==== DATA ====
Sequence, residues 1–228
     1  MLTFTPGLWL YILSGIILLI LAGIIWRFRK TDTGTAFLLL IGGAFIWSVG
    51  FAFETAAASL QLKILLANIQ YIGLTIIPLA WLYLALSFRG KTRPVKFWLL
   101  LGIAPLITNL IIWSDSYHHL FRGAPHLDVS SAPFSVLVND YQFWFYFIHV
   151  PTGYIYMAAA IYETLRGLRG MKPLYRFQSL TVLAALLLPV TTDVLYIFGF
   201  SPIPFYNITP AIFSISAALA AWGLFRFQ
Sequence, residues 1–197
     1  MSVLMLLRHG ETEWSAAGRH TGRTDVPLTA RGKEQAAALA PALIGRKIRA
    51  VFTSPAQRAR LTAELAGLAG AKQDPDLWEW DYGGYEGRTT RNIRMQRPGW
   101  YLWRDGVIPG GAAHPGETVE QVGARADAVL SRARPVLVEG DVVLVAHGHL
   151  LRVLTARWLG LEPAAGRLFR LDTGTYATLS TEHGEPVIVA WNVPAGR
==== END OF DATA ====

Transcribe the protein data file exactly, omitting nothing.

Sequence, residues 1–228
     1  MLTFTPGLWL YILSGIILLI LAGIIWRFRK TDTGTAFLLL IGGAFIWSVG
    51  FAFETAAASL QLKILLANIQ YIGLTIIPLA WLYLALSFRG KTRPVKFWLL
   101  LGIAPLITNL IIWSDSYHHL FRGAPHLDVS SAPFSVLVND YQFWFYFIHV
   151  PTGYIYMAAA IYETLRGLRG MKPLYRFQSL TVLAALLLPV TTDVLYIFGF
   201  SPIPFYNITP AIFSISAALA AWGLFRFQ
Sequence, residues 1–197
     1  MSVLMLLRHG ETEWSAAGRH TGRTDVPLTA RGKEQAAALA PALIGRKIRA
    51  VFTSPAQRAR LTAELAGLAG AKQDPDLWEW DYGGYEGRTT RNIRMQRPGW
   101  YLWRDGVIPG GAAHPGETVE QVGARADAVL SRARPVLVEG DVVLVAHGHL
   151  LRVLTARWLG LEPAAGRLFR LDTGTYATLS TEHGEPVIVA WNVPAGR